Feb 10, 2014|
Angela talks with Beatles expert Bruce Spizer to commemorate the 50th anniversary of the Fab Four's American television debut.
We're discussing the hot topics of the day with co-host of First Take, Todd Menesses.
Angela discusses the shooting in Lafayette and says farewell to WWL as she hands her timeslot off to Scoot.
What's trending in sports, news, and entertainment?
Angela talks with WWL-TV investigative reporter Katie Moore and Tulane law professor Tania Tetlow about the city's backlog of uninvestigated rape cases.
Automatically Generated Transcript (may not be 100% accurate)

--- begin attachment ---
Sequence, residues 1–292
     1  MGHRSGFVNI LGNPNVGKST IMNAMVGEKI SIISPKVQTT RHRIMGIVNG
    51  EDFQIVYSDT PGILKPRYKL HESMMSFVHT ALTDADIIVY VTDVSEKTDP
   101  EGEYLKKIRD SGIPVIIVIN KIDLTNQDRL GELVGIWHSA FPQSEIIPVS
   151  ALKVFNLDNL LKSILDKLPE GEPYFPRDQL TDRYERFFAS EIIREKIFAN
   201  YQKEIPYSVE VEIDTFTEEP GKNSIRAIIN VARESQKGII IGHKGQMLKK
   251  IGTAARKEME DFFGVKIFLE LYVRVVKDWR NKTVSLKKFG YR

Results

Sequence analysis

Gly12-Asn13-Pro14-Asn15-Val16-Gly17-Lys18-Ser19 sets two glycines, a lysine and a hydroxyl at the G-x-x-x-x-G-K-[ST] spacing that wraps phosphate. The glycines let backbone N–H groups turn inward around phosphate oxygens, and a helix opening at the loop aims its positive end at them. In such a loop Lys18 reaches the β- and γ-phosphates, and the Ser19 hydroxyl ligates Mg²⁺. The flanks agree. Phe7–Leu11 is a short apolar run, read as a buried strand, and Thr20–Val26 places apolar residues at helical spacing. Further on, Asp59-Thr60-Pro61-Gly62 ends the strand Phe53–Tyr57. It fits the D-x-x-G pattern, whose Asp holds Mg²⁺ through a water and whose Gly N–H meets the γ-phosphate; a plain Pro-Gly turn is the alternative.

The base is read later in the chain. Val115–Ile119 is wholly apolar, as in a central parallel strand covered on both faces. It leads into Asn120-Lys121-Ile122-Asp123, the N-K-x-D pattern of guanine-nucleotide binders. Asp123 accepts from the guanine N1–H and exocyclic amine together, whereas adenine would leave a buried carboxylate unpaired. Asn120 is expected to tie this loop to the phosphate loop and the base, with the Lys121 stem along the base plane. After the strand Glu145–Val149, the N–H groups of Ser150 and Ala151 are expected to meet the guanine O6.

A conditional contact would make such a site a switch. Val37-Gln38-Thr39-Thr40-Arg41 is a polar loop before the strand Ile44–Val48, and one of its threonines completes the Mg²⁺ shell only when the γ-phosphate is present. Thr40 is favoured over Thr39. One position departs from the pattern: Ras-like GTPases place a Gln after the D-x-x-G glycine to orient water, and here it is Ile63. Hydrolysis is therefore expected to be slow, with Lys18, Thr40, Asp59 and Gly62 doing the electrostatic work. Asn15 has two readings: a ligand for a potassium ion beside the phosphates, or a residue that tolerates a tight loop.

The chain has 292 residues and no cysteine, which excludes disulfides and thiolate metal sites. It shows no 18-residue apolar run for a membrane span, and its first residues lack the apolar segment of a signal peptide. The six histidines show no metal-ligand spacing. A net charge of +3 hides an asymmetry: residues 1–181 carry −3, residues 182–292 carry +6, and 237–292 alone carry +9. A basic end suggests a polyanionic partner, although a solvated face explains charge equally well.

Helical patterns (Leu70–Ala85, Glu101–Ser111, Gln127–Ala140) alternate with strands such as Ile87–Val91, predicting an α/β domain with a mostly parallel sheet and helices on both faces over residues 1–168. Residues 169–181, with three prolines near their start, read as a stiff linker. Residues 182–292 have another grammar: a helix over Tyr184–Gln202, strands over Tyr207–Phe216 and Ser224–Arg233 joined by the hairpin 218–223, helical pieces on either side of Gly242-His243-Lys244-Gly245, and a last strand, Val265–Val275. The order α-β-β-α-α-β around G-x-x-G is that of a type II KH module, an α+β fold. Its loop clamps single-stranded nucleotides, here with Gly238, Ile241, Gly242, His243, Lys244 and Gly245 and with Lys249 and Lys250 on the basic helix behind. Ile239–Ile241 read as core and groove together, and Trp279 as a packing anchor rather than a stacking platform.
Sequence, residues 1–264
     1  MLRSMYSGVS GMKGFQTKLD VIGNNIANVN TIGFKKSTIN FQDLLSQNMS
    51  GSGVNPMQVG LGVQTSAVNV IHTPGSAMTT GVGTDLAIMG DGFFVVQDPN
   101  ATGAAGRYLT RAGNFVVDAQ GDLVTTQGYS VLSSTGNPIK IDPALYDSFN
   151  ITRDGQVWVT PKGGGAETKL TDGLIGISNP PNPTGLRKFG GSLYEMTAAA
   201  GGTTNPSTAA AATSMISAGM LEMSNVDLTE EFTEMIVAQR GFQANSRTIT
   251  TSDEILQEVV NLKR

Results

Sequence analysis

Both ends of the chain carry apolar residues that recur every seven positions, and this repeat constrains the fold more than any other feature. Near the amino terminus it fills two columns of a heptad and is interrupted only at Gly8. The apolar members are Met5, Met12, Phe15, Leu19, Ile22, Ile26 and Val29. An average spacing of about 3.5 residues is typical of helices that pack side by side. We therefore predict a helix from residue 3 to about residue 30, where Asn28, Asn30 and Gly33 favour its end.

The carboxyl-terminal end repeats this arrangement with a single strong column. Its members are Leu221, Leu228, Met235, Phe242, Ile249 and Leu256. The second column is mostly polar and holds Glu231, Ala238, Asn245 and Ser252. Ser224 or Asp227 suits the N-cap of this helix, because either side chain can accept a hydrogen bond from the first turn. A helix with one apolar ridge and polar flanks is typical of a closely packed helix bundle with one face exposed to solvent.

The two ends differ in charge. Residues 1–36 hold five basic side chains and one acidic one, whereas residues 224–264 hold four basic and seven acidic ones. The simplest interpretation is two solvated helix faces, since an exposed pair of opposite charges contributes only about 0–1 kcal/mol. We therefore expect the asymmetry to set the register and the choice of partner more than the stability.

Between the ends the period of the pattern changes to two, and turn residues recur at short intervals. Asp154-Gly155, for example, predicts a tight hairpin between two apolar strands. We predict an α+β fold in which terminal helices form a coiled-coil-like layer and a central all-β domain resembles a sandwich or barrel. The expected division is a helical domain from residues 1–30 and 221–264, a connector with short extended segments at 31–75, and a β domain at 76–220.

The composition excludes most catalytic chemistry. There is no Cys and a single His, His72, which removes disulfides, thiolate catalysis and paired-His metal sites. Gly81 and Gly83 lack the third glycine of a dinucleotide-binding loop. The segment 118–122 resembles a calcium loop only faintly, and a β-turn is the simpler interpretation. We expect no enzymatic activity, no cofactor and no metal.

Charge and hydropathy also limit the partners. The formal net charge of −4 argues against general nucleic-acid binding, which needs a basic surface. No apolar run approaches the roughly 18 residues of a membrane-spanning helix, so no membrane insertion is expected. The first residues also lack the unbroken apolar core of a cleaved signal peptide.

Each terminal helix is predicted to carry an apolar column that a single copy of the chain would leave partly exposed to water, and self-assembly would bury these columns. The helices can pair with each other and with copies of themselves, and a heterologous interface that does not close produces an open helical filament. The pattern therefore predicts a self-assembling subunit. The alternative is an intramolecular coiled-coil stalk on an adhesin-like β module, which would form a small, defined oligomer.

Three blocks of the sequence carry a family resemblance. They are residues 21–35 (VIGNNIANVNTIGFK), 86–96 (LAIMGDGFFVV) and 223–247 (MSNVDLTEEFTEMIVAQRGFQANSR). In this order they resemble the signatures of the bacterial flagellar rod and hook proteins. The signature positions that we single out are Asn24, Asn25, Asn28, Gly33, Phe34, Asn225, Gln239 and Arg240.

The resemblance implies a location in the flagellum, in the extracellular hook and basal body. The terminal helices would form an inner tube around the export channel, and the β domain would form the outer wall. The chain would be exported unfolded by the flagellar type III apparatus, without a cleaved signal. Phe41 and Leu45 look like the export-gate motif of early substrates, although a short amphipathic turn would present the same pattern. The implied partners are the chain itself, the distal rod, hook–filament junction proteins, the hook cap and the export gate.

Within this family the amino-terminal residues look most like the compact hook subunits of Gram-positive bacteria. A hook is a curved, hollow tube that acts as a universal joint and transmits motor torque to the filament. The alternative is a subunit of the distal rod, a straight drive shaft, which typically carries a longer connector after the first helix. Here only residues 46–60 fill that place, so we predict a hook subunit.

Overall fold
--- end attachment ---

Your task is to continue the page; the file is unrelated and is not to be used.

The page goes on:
Well hopefully you enjoyed all the hoopla of the last week. As America has celebrated the fiftieth anniversary. Of The Beatles introduction to this country on the Ed Sullivan Show. It was the beginning of the British invasions. And the beginning of the transformation. Of popular music. If your Beatles band or just someone interested on how they did what they did to become legends that that they continue to be. Then you'll want to stay with this for the next hour. As we talked to the local man known as the world's leading authority on The Beatles in America. Bruce Pfizer is a local tax attorney. Whose real passion for The Beatles led him to -- eight books on the subject. Any talks to -- from the shore hotel with The Beatles state fifty years ago tomorrow during their visit to Washington DC. Where they were to play their first concert in America before 8000. Screaming fans. Bruce first of all thank you so much for doing this but are you just living there. What was happening fifty years ago. That's really been fun because I was in new York and that took the train down from New York to Washington DC which is what The Beatles did fifty years ago tomorrow. And whether it was caused flight album because it was a snowstorm like George didn't like like the gamut and what about to get on an airplane now during the blizzard so they took the train and it was great to 'cause. They were kicked out of the press -- who follow them mail or on the train together I think that. Interaction between that and the process was something that was really good for the group been good for the country. I'll take this back in -- last night the NC BS at the wonderful on fifty year. A special and first did you -- they're. Yes I was there I was I was an -- with the taking of the concert. And then CBS to copy tickets for the Sullivan theater last night and it was really great because. You know it opened up -- The first song played by Maroon 5 was all my loving mission that The Beatles doing it and kind of segued into Maroon 5 doing it live. It was fun sitting there. Knowing that exactly fifty years ago I was in. My TV's you know my parents who else in the world Louisiana watching. The Beatles on WW LTV. So really dropped actually great memories and then also I was. Able to walk on the stage and you know at I was doing so I think that gave -- you know this is where -- took place so it was a really incredible field. You and 73 million other people were watching that program salute and it truly was sort of the defining moment. And I remember watching with my sister from the little TV. I'm thinking gee they're they're different. There they were wonderful they were charismatic. But it was even more than that. Yeah I mean the thing about it was that I was attracted to the group initially for a variety of reasons. That we weren't in the global communities so the fact that they were British was exotic you know James Bond -- creeping into our culture. Have you know the hair was radically long that the problem and I have a flat -- crew cut at the time. -- the other thing was great about it was they could mock a party I'm in a charming way. So about a party didn't realize they were being -- but we got in on that was comical. And that of course the freshness in the excitement of the music and you know I can ask this question all the time you know -- I hear people talking about The Beatles fifty years on. And that they're all the same reason that people you know more than a hundred years on will be talked talked about Bach Beethoven Mozart Schubert. Hear what people keep talking about Louis Armstrong that the truly great music is in fact harmless them. He -- well produced well performed. In the song writing was so good and you know what when you have all those elements come together. It creates something that's very special so. I think young children today that -- was into The Beatles they certainly aren't doing it as a British group or global community they certainly aren't doing it because of the long hair. The simple answer is the music. The music. Let's to we have some bulletin natural sound here let's go to cut number three. -- -- -- -- -- -- And I am. -- yeah. That of course was two teenagers at JFK in -- The Beatles were are arriving and I think that's. At least to my generation looks back and sees the real hysteria. That was around. Whether they were in concert are just arriving in an airport it was unbelievable. I mean you know here we ordered more you know it's Friday afternoon kids is supposed to be in school. And 3000 kids essentially cut school to go to the newly named JFK airport to see The Beatles arrive. In this was in the day when news was news and retain that was entertainment it never the Twain shall meet. Yet Walter Cronkite felt that this was newsworthy -- ended the CBS evening news broadcast on February 7 1964. All the story of The Beatles arriving at the airport and it's. It's a really fun thing and in the talks that I get by actually playing that audio clip. And when he signed off as a chuckle because boy if he doesn't it can be used about quite know what to make of that but he knows it's newsworthy. Interestingly enough the competition. In this and -- in the -- break the report. Chet Huntley says well you know The Beatles were arriving like -- little news organization. Cameramen and reporters and they brought back wonderful images that we were trying to see what all the excitement was about -- we couldn't figure out what it was goodnight and BC's. -- -- that -- probably teenager crosses America ready to throw bricks at the tells. -- -- -- You know wasn't clear and did Walter Cronkite interviewed them or. No he he didn't but his connections with the work it's kind of fascinating. About Walter Cronkite was actually responsible for pushing the first domino that jumpstart the beatle mania in America. It is kind of a convoluted story -- and break me off what you need to go to commercial but. The way comic goes is that. In November. The trust in London and realize that this was a big thing and so most of the London bureaus of ABC CBS and NBC. Film The Beatles and concert in CBS apparently did five minute story. All The Beatles and typically what would happen at the time was that a feature story would run in the morning. On the CBS morning news of Mike Wallace in the files on the CBS evening news with Walter Cronkite. And nobody really knew if we win these stories were wrong we knew that it runs on December 10. But I -- that the footage of The Beatles was from November 15 so logically what would you wait that long run -- story. So -- called the CBS archives of that this was a little over ten years ago. -- almost -- You know yeah we can find it for you and some young British woman who apparently was Manning the archives. -- back and so it will cut down on the index card but it's kind of strange it says story ran morning news' Mike Wallace. Not broadcast that evening. And she -- that's -- usual elements that goal what was the date she says November 22. So here we. The CBS morning news broadcasting the story on The Beatles in the few hours later president Kennedy is assassinated so literally. Nobody remembers that broadcast. And it was as you can imagine very dark -- -- at the Kennedy assassination problems Cyprus. Civil rights on the rest. And for whatever reason on December -- Walter Cronkite felt to become -- funding and the news. With this lighthearted story about this music phenomenon happening in England that would probably never catch on. And the more sophisticated United States as a -- it is so. He runs the story. And that which is the first domino. -- then. Please historian he had -- The Beatles exactly a mile earlier to be on show in February. And I kind of forgotten about that or unknown in America he gets so excited. And the call up mr. Cronkite decision to get -- he says you know what can you tell me about those whatever they call themselves. And mr. Cronkite you know it doesn't know much about let me just ran on the story but tells them you know -- -- -- -- -- -- publicity people would ever. And so and so against promoting that The Beatles are going to be on his show. Have a schedule. The other -- the fifteen year old girl and so over spring Maryland named Marsha Alpert. Sees that Anderson today we don't have -- -- actually physically writes a letter triple local radio stations sang. All The Beatles on the CBS evening news. You know why can't we have music like this and America. As fate would have it one of the disc jockeys at WW DC is Carol Jennings who is friends with someone who is a stewardess as they're called those days. For British overseas Airways corporation. And the answer to bring back The Beatles latest record -- one soldier and Capitol Records has just signed the group in the -- at -- two record in mid January. So the normal timetable would be the record comes out mid January The Beatles from the -- show early February. Maybe by that time that record's top ten. But instead. In -- the second domino falls with Marcia Albert Holland cal games in the and that. The record becomes the third domino invites were down to the station -- on December 17. He has to introduce the song that's played and afterwards he says you know. Westerners brightest to let us know what you think mobile phones structuring off the hook. And the next thing you know the switch -- lights up like Christmas tree. And Carole James makes a dump of the records -- the -- disc jockeys in Washington saint Louis blues and all the sudden. Three major markets in the United States are playing a record that's not scheduled to come now for several weeks. Capitol Records initial reaction is. To have an attorney called them to get an injunction to stop playing the record and of course -- radio stations as you know not a thing yet. So capitalism -- makes cents. We want records played on the road. But basically -- -- factories in Scranton in Los Angeles. Start pressing copies of this record. And it's actually released the day after Christmas. And Debian. CA in New York jump started immediately in the -- VI NS WABC's quickly policy. Kids know video games in those days so they're almost into the radio during their Christmas break and then during the on that just -- -- -- They have put some comic money. Mommy and daddy can take into the record store applied in the next thing you know it's selling tons of copies in New York. Getting saturation radio airplay in the rest of the country follows suit. Meanwhile. If we have time we can go back about things that happening in early 63 but. Please please leave at least a year earlier. And -- -- essentially. She loves you have been released earlier that it flopped and so these records -- re released on different record labels that put them now when capital but initially turned them now. So not only do you have one holder and -- saturation airplay. But please please me -- she lobbed you and then -- about one vote and let's start standing there and that it -- you know polite. You know it's just it's everything is timing. Really it is Bruce I hate in -- if we are gonna have to go to a break stay with isn't. Everybody stay with us. Bruce lies -- -- an update us on the history of The Beatles right after this. Not so -- it. Our special guest today is Bruce Spicer who has a local tax attorney but. Kind of equally importantly an authority on The Beatles he has written eight books. Obviously it has been a passion of yours for a very long time. That really was you know I mean I remember hearing wanna hold your hand on the Newman School bus radio and I was. You know it looked like it was just the excitement of it it was something different about it. Haven't you know remembers time went on here in the record over and over again my mom has memories of yummy in my friends singing in the backseat of the car. And when the album came down -- What to studio a records stored wanted to -- -- my goal was to get the single look and realize there was an album that that a -- other songs and was able to you know persuade my mom and that it would be several weeks allowance and she was nice enough to buy the albums of meet The Beatles was first album that I ever purchased. Oh my gosh let's talk about. Real beatle mania it because it became even more than their music it was down. It it really didn't you know its interest in and you look at how they were promoted by Capitol Records from the basket at a biography on the group. But it also have a separate biography for each Beatles so. Everyone knew John Paul George and Ringo you know everyone knew the Kingston trio but probably couldn't name a member of the Beach Boys you know him you might be able to put. For the most part with groups they would just a group they want people. But The Beatles have such dynamic individual personalities. In the record companies picked up on that has to the press and everyone else so you know it was like. You know we grew up with jumped out Georgian -- goes on the Vatican names a new Pope Pope John Paul you know. Something the Pope John Paul George and Ringo is just follows. It's that type of -- And that. You know we have all the radio -- play and so Sullivan normally drew about thirty. 35 million people not like 73 million people to India and the significance beatle mania did start with the soul shall we talked about four. You know the saturation radio airplay but the put the exclamation point on its position as the day we didn't have you -- been videos -- Taxes or even now there's so. There was no way to see The Beatles performed. Can see the excitement in the CBS cameraman. Did a great job because not traditionalists The Beatles both hand held cameras measures the screaming girls. In the street in on the theater bopping up and down in this -- and that added to the excitement was just a really great visual thing. And the course after the Sullivan's show. You know many people. Were influenced. Not only. Get rid of that crew cut. But also you know took place in to hear that I should do. Unbelievable. And I think that's them arriving in Washington where you are so you take the same -- that they took the sting at the hotel. Can you imagine what it was like. I mean it was crazy it just total pandemonium at the train station in this was on day when it was snowing hard. That once again kid didn't care they're gonna go out to Union Station to greet The Beatles and in other concert was incredible ticket prices were 23 and four dollars as a promote wasn't sure. If he could sell opposite Daniel and of course the 8000 tickets went almost instantly. And that they were Cuba where things about the concert it was a boxing arena and so The Beatles looked like kind of theater in the round sort of and so they played three songs facing one direction current round played three in another direction and then -- to the left in the right. So every three songs they played in the different directions. Palm -- were truly pumped up for the show. Did it was the second largest crowd that ever played before. And the other thing that was later made the mistake in the interview and -- -- -- like jelly babies which of these soft English candies. In English fans were tossed them on the stage. All American fans saw that they went out and bought jelly beans which candies he was throwing -- people and so. You know here they are getting stung by these jelly beans playing an antiquated equipment with. No monitors so they can't hear themselves yet incredibly. You know if you watch the the tape for the concert they just do an incredible job at that play a little bit faster a little bit edgier. And and they open -- roll over Beethoven song that hasn't been released in the United States with Georgia call people on lead locals. No matter crowd goes wild they close -- long tall Sally with the group hadn't even reported yet a little Richard's wrong. Yet it was just a phenomenal. You know -- the and fortunately the film was exists so the next two nights ago from one extreme to the over the -- Carnegie hall and unfortunately. The concert was going to be recorded but the musicians union blocked the and so was not reported so we only have a couple of still pictures of them but once again you know -- sold out shows. It Carnegie Hall. Stay with -- we're gonna continue our talk with Bruce sponsor and The Beatles right after this let's go to Don names in the newsroom. Fifty years ago actually fifty years ago yesterday. The Beatles arrived on the its knowledge. Fifty years -- still can't get over that. But I think it's very interesting that in studies that have been done very recently. That two thirds of Americans say The Beatles -- had a great deal of influence on music and popular culture. And nearly seven intends to The Beatles music has held up well and still surrounds current and fresh today. Our guest today Bruce sponsor who is an authority Beatles. A local attorney but a worldwide authority on. On these very special -- for men who impacted music and and culture I have to tell you Bruce that sent. Miraculously. Would you believe actually solve them in concert. In Houston. In. Stronger in summer of 1965. And yes. And I remembered driving up there with a group saying I don't understand all the screaming. -- I got literally into this coliseum where they were playing. And started screaming and efforts to. It was absolutely. An unbelievable. Experience. It was like not mass hysteria I don't mean that but something caught on and really when I look back on -- really didn't get to hear them. Now in the and that's definitely unfortunate -- get themselves sizes so it's incredible that they were able to. Provide music of any level at all because most stage monitors constant screaming and in -- generally very poor public address systems that they were playing through and so -- It's just quite remarkable that they can entertain anyone at all all of -- at home. And I'd like to fast forward a little bit -- at some point I mean their popularity was unparalleled. Worldwide indefinitely in America but at some point didn't they get tired of the beatle mania didn't they want to spread their wings. They -- day. It was very hard thing and if you look at the schedule that would do and say in 1963. They rarely have a dale. That were playing to the streets. Engagement somewhere they would doing TV or radio and -- recordings owns. And the -- really took -- stroll particularly in 66 when they. Had a problem in the Philippines where those questions as whether or not they were gonna get out the country along mean it was a very crazy situations and they did this. US tour implements test that George Harrison on the plane. Going back -- that sit on the long -- if he knew that they would never tour again. You know they -- might consider playing in public with nothing like that idea you know we're seuss' crises schedule. In the 64 people was booked a manager Brian Epstein book to visit they -- point in the UK. So you know it was not -- usual from the undergoes a sense that in Los Angeles Chicago -- world that means it was it made note that you know that would. Just going covering ridiculous distances. In playing all these different dates fortunately they played normal ones some. Almost every city they play it was a major market. But they played two smaller markets know about it in New Orleans and that was -- had this crazy belief that they would be able to go out these cities. In the course there was no way they could have gone around the world the Roosevelt hotel didn't want them so they stated to congress and on shipments -- highway. And then what would've been a day off where they might have been able to see the world Charlie gently. -- Brian Epstein and manager properly equipped refused. The -- The Beatles and unprecedented. In -- 150000. Dollars to play in Kansas City. In Portugal recently lost a ton of money on the concert -- as a matter of civic pride. You know he wanted them to play Kansas City so it was just -- on things like. You mean they they. They wouldn't raise the prices by that time. No I mean that -- have a ticket prices were still you know I think Kansas City was like eight dollars which was the most it was anywhere. I think the city parks -- -- was five dollars and and we'll have to talk about that there's another problem we get on that anniversary September 16. But you know here -- are they're -- of the -- in what it did. Was it began recording differently after coming off the road the first song they reported strawberry fields forever. And that's forever changed The Beatles and their music so they were using the recording studios in instrument itself in about. You know before it was setting that it would -- microphones and play two guitars bass and drums and get it on tape and they were done. But the songs like strawberry fields you know you've brought in orchestras you know it'll kind of brokered she did back which loops on symbols of he had just completely changed everything so. -- came in studio band at that point for the rest of their career. And and that's what it remains so popular in -- group like today -- Favre came out with great excitement. In great songs with the driving -- that they never could progressed. The Beatles on the other hand you know if you listen to lobby do what you licences strawberry fields forever works hard to -- the same band could've done those two. Fault much was made that transition and a couple of years. Stay with us we're gonna continue our talk about The Beatles right after the us. It's still great music it really is were talking The -- fifty years ago. Coming to America. Opening our eyes to a different kind of music and a different kind of musical culture. Bruce Pfizer is our guest today author of eight books on The Beatles. And I I have to ask you. Including -- think was the most talented of the four. I think you know. Pure talent I'd have to say Paul. It on the -- what good date multiple instruments and play the ball that well. -- but I think what you compliant. Paul with the genius of -- lavender both individually and great song writers put together and they worked off of each other well. It all -- doing something that John did like he would Salomon vice Versa so. I think you know but that really work well I think George Harrison was an underrated musician and certainly developed to be a good songwriter toward the end of the group's career. And I get Brussels stand up on my neck and Angolan people suffering does the luckiest man in the world he's not that as a drummer Ringo was it was -- Corel -- and an integral part of the group. Absolutely an integral party this. Everybody had a crush of. He was the most popular Beatles on America when they first came over here. People don't remember them pretty close. But you know I actually do I do remember that in a personal they were all adorable with a little haircuts. And it -- and that added you know little flavor to it. Do you think that. Do you think it is true that the local -- down. Relationship with John was the ultimate end of The Beatles -- The beginning of the gambles when Brian Epstein died and a jaw line and that has much to work in the process agent states that the patent. Because and what happened was that there was a -- there in the -- -- fraud so global it. Can take over things and and you know one being the perfection symbolic came across as being -- and that led to resentment. Among the other members of the band and and I think it's really not fair to say it was all Yoko I think to death abroad and Epstein had more to do that in any. Today and friends or just. I think you know that was a lot of resentment because of these the legal wranglings you know if you going to break up the partnership you have to do legally in this case in the which -- losses to corruption that was resolved but I think toward the end of jobs like he and Paula reconcile. There was even talk that -- was seriously considering doing some sort of our reunion type thing and of course. That never came about because as being assassinated. And I think that is just where were you. Where were you when that happened. Like many people watching Monday Night Football and what our number was and I was reading the Wall Street Journal -- in the game at the same time. Also on the put on the journalists -- activists -- writer Howard Cosell says Joan -- has been killed. But I -- back to my bedroom and called up the beach -- you -- radio and you want the disc jockeys. And he says the eighteen machines skull and walkers and you know Sony's portable PH came machines and you know this is one of those -- -- -- over the next day it was a hastily put together memorial at the scientists theater. An -- of walking from my office to assign that theater and every time my past a newsstand. I kept looking at -- outline. And hoping it was gonna change to -- and recovering from. Assassination attempt to -- percent that is always supplement shut them out and just really horrible field. -- terrible terrible thing to happen in this country. Stay with us we'll be right back. Our guest today Bruce Fleischer we have about a minute and a half left and on. Sorry because we could -- many hours on this. And we are absolutely committed to having you back on September 16. -- -- just wanted to know what you your favorite song of -- -- Favorite song that was big hit AG my favorite popular out tracked in my life. But favorite obscure song that -- such a thing across the universe. Very interesting I was looking at some list of that will be hit 21 hits in America and seventeen in the UK isn't that interest. It would release more records in the US the US would pull song's awful problems and release them like. Eight days a week was an award in the US but that was the single in the UK. Very very interest in the whole thing is interest in -- and I can understand why you had such a passion forward and again eight books a reworking a number nine. Not for a little while Angela. Lobbyist on the Salmonella literally have to run from the west front of the storm hotel to the east when we're going to be giving the presentation in the -- and. Can't thank you enough Bruce spies -- we'll have you back on September 16 thank you for everything you're welcome back to work and I thank everyone for joining us I'm so sorry couldn't get you called -- We'll be back here tomorrow but now let's go to the newsroom and Don names.